Friday 15 November 2019 5:34 pm

Property legal Q&A: The neighbours above our flat are very noisy. What should we do?

Noisy neighbours are a common complaint amongst owners of flats.

There are a few ways in which to approach this, and several issues for you to consider. First of all, check the terms of your lease. Better still, also check the terms of your neighbour’s lease, which you can download from the Land Registry for a nominal fee. Generally, the leases within a block of flats should be on similar terms.

Your lease is likely to include several provisions relating to noise and nuisance (a combination of some or all) which you can ask your landlord to investigate. If the terms of the lease(s) are being breached then subject to you meeting your landlord’s costs, your landlord can generally, at your request, take action against your neighbour.

Your lease may also be drafted on the basis that you can take action directly against your neighbour for the breaches of the lease rather than involving your landlord.


The lease terms to look out for are:

  • Provisions relating to flooring i.e. whether the flat upstairs should be carpeted (or not) and if there should be some soundproofing or sound deadening materials. You can request your landlord to inspect the property and check if the flooring meets the requirements set out in the lease.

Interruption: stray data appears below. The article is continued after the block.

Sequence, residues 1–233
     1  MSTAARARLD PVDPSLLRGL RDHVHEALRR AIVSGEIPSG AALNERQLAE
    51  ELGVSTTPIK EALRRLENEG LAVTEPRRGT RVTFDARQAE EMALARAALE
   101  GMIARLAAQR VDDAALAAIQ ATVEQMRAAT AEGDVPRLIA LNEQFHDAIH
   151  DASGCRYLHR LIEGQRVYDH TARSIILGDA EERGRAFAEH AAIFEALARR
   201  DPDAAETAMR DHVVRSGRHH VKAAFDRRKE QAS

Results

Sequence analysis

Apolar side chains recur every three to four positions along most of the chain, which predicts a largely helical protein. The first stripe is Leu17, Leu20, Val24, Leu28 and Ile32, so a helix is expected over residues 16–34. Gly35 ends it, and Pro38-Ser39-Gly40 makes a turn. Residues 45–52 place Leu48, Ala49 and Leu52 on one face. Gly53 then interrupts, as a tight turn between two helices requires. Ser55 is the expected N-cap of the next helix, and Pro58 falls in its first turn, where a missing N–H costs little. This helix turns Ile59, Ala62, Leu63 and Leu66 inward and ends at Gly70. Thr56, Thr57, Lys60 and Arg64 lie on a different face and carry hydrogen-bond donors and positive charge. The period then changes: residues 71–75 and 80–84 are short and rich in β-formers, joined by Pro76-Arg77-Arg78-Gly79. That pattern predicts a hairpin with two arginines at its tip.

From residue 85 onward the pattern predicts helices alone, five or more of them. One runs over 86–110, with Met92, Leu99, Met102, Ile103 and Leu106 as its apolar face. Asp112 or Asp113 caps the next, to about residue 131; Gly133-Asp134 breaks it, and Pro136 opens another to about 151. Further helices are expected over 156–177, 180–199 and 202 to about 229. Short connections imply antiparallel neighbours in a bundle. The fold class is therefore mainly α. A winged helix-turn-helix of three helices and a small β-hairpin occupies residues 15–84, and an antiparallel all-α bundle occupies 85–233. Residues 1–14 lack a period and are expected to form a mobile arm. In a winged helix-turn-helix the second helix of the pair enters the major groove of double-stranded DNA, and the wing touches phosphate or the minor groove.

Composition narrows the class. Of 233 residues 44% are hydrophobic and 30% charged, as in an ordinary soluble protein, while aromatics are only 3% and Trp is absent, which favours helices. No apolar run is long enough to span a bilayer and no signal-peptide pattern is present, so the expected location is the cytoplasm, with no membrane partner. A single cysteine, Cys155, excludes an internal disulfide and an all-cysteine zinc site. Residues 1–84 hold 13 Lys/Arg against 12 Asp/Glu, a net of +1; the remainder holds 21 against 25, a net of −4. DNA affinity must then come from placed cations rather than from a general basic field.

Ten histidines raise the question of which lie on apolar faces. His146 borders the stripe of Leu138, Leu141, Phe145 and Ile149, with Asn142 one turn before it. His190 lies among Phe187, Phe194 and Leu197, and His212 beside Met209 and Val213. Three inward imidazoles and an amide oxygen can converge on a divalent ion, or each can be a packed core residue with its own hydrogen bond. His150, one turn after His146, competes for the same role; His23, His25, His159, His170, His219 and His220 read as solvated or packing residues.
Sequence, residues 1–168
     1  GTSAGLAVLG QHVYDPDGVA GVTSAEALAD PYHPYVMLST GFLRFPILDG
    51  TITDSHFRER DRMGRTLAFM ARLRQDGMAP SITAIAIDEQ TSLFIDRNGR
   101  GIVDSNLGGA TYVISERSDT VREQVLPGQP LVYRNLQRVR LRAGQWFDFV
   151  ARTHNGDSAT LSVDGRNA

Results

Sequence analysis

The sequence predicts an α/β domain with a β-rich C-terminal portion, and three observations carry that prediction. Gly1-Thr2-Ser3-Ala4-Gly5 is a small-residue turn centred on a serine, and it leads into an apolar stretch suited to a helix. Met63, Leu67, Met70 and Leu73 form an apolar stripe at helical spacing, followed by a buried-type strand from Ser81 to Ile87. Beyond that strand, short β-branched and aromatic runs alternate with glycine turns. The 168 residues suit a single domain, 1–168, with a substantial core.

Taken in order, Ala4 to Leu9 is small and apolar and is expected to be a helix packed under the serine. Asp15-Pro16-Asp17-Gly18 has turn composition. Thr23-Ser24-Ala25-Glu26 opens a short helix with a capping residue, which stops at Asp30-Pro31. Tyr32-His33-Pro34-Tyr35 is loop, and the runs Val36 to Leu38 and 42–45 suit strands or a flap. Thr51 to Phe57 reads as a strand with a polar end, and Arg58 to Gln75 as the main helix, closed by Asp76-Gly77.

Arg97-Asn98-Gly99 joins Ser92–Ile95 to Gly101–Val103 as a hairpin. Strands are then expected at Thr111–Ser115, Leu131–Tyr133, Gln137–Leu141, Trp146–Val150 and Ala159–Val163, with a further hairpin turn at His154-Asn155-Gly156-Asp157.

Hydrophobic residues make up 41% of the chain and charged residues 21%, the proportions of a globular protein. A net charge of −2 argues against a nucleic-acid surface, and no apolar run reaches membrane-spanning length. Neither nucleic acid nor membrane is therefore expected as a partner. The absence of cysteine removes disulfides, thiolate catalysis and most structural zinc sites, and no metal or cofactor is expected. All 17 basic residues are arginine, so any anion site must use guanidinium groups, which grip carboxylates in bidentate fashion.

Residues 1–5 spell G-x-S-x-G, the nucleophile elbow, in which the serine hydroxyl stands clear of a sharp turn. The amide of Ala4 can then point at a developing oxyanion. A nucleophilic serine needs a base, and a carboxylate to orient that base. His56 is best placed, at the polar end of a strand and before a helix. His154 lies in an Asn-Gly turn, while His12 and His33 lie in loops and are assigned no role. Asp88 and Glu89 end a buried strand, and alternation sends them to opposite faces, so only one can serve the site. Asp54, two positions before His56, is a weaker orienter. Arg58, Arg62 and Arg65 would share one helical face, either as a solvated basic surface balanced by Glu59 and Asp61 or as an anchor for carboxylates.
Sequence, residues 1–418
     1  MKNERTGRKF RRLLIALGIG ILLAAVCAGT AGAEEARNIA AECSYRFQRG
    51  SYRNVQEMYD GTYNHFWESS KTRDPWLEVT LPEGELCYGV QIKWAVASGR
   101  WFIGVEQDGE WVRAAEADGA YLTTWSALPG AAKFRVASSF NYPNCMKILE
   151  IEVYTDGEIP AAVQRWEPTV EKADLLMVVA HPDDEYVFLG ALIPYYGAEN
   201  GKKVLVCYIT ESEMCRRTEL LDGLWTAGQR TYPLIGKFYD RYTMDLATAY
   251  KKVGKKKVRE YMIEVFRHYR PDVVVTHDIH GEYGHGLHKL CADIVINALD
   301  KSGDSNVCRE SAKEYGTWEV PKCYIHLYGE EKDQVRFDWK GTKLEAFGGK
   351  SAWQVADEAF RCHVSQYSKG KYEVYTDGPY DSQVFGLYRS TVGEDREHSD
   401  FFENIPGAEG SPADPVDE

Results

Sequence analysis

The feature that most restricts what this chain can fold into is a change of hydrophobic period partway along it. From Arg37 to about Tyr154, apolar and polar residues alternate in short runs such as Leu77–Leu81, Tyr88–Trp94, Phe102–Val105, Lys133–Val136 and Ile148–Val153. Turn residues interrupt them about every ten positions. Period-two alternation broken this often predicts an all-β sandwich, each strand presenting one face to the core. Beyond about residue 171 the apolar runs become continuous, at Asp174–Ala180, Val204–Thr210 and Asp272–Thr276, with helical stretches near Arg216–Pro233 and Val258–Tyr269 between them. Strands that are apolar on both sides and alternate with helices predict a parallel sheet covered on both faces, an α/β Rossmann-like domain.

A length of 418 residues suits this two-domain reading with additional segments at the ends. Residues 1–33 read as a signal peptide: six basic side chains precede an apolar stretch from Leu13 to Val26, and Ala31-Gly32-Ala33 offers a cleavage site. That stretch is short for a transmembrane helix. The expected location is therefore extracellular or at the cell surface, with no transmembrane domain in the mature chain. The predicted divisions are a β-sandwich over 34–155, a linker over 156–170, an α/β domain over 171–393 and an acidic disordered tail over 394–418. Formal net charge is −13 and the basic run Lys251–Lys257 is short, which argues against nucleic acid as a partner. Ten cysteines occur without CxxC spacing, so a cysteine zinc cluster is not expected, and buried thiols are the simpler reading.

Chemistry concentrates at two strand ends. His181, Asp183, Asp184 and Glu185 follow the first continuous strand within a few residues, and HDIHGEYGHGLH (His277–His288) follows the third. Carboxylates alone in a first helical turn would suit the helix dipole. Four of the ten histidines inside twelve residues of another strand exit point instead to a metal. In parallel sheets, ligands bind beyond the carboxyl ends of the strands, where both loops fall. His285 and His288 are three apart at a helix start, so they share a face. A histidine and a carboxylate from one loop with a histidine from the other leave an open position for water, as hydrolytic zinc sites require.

• An obligation from the landlord to allow you to live in your property peacefully and quietly. You should write to the landlord setting out the reasons why you are unable to do so.
  • An obligation upon the neighbour relating to use of the property or allowing noise to emanate from the flat which causes a nuisance to other owners or occupiers such as yourself, or restrictions on playing music that can be heard from the flat outside certain hours. Make a note of the issues and timings and any evidence to support the same.
  • If the noise is considerable, you could also consider complaining to your local council to monitor the noise levels and if the council decides there is a statutory nuisance, it can make an order for your neighbour to stop making the noise nuisance.

Notwithstanding the above and before taking any formal action, there is merit in simply talking to your neighbour to try and resolve the issue between yourselves.

If a dispute is not resolved or allowed to escalate, it could affect the marketability of both properties in the future.

Hema Anand is a partner at BDB Pitmans

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